As many as 700,000 children each year in the United States have ear tubes placed surgically to treat chronic and recurrent fluid behind the ear drum (otitis media with effusion, or OME). A study in the December 2005 Archives of Pediatrics and Adolescent Medicine argues that young kids who get tubes are more likely to have some hearing loss 6 to 9 years later than are matched kids who did not get the tubes.
To me, this study underlines the importance of only placing tubes in kids who need them – but it is not a cause for alarm or for change in the May 2004 joint guidelines concerning which children benefit from tubes. This study looked at 125 children who had tubes placed (or not) between 1985 and 1989, when most of the tubes themselves were different (harsher) than today’s bobbin-type tubes, and the recommendations for placing them were less conservative.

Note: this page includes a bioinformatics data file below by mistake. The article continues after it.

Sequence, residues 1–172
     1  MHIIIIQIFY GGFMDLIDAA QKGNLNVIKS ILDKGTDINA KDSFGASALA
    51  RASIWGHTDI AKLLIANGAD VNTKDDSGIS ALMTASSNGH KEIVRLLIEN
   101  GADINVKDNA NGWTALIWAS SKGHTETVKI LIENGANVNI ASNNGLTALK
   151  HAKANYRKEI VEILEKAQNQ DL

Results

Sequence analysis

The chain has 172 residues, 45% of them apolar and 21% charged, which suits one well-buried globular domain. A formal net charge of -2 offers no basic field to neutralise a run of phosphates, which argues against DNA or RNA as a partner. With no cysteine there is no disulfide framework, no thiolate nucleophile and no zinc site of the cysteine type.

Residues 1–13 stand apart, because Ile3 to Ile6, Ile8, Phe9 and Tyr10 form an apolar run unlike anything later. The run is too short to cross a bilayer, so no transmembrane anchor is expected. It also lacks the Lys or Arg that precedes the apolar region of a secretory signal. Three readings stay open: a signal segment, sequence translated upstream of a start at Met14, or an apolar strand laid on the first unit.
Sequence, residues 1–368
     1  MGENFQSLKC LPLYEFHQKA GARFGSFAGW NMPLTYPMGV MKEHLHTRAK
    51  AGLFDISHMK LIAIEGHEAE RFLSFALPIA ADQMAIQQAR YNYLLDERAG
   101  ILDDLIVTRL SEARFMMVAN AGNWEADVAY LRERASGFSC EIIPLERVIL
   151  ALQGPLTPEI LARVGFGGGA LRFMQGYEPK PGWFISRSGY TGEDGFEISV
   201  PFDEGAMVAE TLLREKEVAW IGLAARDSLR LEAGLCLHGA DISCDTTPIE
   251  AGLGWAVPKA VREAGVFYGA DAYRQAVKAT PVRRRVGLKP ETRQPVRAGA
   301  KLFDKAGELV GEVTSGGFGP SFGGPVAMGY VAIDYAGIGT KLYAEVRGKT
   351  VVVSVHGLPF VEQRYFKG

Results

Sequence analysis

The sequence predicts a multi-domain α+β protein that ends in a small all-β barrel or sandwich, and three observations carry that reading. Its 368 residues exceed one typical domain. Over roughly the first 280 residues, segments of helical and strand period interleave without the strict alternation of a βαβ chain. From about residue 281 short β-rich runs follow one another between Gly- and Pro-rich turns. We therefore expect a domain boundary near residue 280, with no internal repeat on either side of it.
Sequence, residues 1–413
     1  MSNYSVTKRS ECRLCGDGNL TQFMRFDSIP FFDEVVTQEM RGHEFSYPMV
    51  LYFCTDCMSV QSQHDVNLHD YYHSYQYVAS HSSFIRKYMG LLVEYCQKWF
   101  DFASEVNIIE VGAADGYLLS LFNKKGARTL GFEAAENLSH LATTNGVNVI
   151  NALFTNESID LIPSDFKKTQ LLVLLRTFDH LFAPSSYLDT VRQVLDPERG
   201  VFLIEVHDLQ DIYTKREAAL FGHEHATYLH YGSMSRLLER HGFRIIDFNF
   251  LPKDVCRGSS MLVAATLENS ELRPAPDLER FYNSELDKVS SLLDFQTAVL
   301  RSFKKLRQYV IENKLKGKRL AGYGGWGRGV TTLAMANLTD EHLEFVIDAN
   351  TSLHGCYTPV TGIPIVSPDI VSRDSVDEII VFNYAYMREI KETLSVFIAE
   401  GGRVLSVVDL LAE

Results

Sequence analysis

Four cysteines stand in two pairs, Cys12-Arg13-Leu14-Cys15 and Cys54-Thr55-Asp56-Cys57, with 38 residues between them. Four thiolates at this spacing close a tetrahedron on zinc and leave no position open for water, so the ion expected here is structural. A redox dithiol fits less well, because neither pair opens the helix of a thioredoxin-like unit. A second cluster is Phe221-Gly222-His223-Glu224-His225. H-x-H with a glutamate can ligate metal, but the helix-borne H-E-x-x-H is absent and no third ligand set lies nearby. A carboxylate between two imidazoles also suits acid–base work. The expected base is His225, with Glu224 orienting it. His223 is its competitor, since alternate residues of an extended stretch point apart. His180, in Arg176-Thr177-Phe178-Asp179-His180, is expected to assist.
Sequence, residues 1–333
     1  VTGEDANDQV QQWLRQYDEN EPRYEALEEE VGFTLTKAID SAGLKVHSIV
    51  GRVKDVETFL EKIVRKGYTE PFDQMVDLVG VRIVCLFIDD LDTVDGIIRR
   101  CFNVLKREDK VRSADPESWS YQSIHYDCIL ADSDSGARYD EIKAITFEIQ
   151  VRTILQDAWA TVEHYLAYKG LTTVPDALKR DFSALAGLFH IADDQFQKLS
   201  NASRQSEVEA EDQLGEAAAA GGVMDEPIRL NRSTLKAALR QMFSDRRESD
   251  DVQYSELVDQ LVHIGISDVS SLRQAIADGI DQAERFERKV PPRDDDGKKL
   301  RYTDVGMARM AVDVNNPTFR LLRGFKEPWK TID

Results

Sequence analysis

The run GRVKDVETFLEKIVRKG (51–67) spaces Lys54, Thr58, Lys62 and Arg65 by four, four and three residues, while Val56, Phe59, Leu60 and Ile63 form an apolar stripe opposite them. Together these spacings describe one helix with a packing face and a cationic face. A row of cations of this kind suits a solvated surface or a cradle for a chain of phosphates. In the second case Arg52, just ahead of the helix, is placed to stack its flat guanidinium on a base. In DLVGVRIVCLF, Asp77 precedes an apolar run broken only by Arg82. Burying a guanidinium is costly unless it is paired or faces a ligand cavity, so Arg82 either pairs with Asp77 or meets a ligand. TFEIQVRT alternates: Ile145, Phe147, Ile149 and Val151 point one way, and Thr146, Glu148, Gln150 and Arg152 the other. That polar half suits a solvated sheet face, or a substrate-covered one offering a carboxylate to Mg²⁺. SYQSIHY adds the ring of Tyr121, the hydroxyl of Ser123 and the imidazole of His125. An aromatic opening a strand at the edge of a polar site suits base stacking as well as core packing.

The children in the study had already had fluid present in the ear for at least 3 months. Half of the children in the study were randomly assigned to get tubes and the other half were randomly assigned to get 6 months of antibiotics (common in the 1980′s). Those who were assigned to get tubes in the study had a mild average hearing loss (28.7 decibel threshold) before the tubes were placed (today we recommend tubes in otherwise healthy children when fluid has been present for at least 3 months and the hearing loss is moderate — >40 decibel threshold – a level of hearing loss we know can affect speech, language, and academic performance if allowed to persist).
Years afterwards, those in the tube group had hearing that averaged 2 to 8 decibels worse at some frequencies than did their peers in the antibiotic group (although more than half the kids in the antibiotic group were eliminated from consideration, because they ended up getting tubes anyway).
Tubes do carry with them measurable costs and risks. The key is to reserve them for those children where the benefits are likely to far outweigh the costs.